Symmetry is one of the easiest photography compositional elements for beginners, and it can be applied to any genre.
10. Repetition – A good composition technique to improve your images
Repetition is an original photography composition guideline to make your images stand out.
Through repetition, we can use colors, shapes, lines, textures, and other elements in the composition to create an attractive visual flow for the viewer.
A good tip for composing a photograph using repetition is to keep your eyes wide open since we can find plenty of repetitive patterns both in nature and urban environments.
11. Geometric shapes – Math applied to photographic compositions
Many photography composition rules are related to mathematics, like the rule of thirds, the golden triangle, the golden spiral, and many others. However, you don’t need to bring a calculator into the field to create better compositions using these rules.
A good photography composition example are geometric shapes. Look for triangles, circles, squares, rectangles, and even more complex forms like rhombus or diamonds. The easiest way to find shapes are in architecture, but we can find so many of these compositional elements in nature, too.
12. Scale – One of the most striking compositional rules
A good way to captivate the viewer’s eye is composing images using scale.
Scale is a compositional technique related to the proportion of the elements and how they relate to each other in terms of size, distance, etc.
A good composition tip is to place an element that we can recognize to show a sense of scale, like placing a person or animal against a vast landscape.
We can also use other photography framing techniques like the rule of thirds to place the focal point in any of the “compositional sweet spots”.
13. Depth – A good composition tip to immerse the viewer in the image
A bulletproof compositional technique is to create depth in your image. Composing a photograph with depth, you’ll create more tridimensionality and the illusion of volume in your image.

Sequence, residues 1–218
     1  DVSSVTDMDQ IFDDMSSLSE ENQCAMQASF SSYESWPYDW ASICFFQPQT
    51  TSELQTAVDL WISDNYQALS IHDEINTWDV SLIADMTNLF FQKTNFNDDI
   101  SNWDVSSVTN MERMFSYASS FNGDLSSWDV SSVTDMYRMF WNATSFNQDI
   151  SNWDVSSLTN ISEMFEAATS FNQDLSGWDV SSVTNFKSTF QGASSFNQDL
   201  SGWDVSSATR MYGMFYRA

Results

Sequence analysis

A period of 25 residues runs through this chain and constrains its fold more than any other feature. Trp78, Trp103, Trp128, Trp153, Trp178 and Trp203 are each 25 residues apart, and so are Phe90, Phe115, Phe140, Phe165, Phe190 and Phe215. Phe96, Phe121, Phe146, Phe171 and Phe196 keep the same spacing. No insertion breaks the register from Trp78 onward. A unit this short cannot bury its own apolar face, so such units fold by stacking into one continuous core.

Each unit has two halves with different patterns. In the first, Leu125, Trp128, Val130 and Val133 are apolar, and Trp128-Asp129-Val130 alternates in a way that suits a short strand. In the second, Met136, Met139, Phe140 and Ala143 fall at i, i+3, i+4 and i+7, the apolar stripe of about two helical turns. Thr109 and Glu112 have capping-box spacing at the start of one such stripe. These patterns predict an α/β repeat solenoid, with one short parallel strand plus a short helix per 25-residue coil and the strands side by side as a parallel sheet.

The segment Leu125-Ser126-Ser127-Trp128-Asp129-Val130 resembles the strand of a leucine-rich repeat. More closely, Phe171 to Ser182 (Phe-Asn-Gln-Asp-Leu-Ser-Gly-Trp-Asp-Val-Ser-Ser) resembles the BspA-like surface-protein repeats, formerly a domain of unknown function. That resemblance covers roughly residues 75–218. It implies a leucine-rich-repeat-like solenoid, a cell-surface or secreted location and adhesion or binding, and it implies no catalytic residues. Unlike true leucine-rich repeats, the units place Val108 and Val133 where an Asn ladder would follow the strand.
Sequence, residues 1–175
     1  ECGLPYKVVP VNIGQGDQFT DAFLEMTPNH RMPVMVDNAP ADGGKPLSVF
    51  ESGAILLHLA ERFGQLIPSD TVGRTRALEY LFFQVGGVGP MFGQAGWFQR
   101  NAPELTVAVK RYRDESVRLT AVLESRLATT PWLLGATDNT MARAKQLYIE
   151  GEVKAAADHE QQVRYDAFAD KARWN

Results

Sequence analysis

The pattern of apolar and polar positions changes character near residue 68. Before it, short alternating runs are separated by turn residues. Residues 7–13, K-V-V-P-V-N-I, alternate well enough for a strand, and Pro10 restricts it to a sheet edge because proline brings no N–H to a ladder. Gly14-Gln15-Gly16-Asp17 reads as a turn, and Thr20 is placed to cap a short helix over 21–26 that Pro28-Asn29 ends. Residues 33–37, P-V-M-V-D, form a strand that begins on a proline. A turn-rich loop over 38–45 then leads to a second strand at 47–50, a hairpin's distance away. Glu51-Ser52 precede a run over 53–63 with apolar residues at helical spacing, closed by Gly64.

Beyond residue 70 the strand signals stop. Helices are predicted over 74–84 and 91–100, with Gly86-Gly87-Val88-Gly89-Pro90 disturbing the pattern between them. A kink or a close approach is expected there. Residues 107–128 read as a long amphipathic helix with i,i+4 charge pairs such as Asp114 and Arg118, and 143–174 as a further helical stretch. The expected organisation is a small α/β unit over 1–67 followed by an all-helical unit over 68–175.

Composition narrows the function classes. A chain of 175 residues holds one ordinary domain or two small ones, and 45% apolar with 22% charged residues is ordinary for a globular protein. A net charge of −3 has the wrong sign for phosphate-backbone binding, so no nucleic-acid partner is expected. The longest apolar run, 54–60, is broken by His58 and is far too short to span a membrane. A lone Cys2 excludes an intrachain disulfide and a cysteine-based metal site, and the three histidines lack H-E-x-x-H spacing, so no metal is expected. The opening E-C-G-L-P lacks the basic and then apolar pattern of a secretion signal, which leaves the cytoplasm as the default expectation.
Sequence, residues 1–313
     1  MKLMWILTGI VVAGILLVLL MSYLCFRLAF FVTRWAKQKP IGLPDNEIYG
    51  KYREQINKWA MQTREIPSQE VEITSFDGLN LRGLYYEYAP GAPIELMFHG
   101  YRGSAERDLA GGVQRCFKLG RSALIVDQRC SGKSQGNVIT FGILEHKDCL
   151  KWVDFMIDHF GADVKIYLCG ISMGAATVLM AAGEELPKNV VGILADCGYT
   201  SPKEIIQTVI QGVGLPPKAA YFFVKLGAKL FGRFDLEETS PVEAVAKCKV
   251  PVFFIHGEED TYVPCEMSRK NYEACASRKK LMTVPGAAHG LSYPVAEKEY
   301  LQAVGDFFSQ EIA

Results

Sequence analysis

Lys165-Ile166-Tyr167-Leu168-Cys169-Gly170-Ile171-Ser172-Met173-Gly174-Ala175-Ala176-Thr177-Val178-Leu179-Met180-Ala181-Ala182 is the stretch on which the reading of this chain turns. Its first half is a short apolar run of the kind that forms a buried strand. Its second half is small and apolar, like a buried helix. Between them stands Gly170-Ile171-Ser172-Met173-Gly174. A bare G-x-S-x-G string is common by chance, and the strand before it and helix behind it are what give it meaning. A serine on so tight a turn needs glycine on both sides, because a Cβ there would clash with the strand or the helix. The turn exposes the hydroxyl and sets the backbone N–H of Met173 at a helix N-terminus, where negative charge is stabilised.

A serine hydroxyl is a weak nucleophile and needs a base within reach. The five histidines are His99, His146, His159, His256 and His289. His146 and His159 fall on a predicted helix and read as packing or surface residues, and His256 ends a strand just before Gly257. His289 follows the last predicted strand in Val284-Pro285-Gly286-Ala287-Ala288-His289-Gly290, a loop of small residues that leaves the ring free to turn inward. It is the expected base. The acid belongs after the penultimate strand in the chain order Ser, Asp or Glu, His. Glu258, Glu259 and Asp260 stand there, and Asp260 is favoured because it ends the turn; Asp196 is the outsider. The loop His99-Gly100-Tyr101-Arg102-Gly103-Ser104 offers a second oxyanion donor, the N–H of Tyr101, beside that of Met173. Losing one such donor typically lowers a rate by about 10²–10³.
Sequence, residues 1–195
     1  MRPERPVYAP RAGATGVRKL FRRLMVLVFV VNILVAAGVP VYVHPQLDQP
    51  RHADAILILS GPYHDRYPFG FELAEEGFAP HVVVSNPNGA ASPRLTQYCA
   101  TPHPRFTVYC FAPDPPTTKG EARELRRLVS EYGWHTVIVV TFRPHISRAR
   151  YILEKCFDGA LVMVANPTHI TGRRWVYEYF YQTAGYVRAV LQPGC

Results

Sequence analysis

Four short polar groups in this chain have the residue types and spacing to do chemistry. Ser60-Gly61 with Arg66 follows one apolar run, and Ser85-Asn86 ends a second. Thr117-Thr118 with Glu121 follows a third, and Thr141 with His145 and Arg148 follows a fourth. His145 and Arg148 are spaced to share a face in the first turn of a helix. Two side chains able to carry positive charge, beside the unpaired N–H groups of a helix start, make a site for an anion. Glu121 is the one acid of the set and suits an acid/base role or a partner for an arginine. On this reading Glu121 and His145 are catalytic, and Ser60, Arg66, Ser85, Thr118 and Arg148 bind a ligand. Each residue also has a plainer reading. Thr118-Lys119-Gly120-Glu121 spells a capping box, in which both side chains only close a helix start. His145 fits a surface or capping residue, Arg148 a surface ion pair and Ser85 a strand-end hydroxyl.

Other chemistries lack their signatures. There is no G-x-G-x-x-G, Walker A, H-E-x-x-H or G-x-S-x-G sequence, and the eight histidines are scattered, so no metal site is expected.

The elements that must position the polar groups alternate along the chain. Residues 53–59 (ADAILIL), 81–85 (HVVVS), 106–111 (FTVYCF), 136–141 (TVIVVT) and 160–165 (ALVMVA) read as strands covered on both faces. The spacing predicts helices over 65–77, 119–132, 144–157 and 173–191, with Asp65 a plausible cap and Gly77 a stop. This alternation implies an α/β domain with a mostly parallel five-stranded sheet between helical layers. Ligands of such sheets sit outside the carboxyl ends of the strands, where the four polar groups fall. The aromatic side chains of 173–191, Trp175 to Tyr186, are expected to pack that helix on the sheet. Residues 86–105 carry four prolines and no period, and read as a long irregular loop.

There are many compositional elements that help to create depth as we’ll see below. The important thing is to use them in your favor to improve your composition skills and avoid composition mistakes like creating a flat image.
14. Atmosphere – The best compositional element to create etherealness
Atmosphere is one of the key compositional elements in landscape photography to add more depth and interest to your images.
Capturing or enhancing the atmosphere, you’ll get a more ethereal feeling in your photography framing and you’ll make the viewer feel as if they were part of the scene.
15. Layers – A compelling compositional technique to add more depth
Another compositional technique to include in your camera compositions is to compose using layers.
Layers add dimension to the image, creating an illusion of depth and volume.
A good composition photography tip when using layers is to separate the foreground, midground, and background to create a feeling of depth.
16. Color – The most overlooked compositional element
A typical photography composition error is to forget about color.
We tend to think about rules, proportions, shapes, and many other elements when talking about photographic composition. However, Color theory composition is an extraordinary element to creating unique images.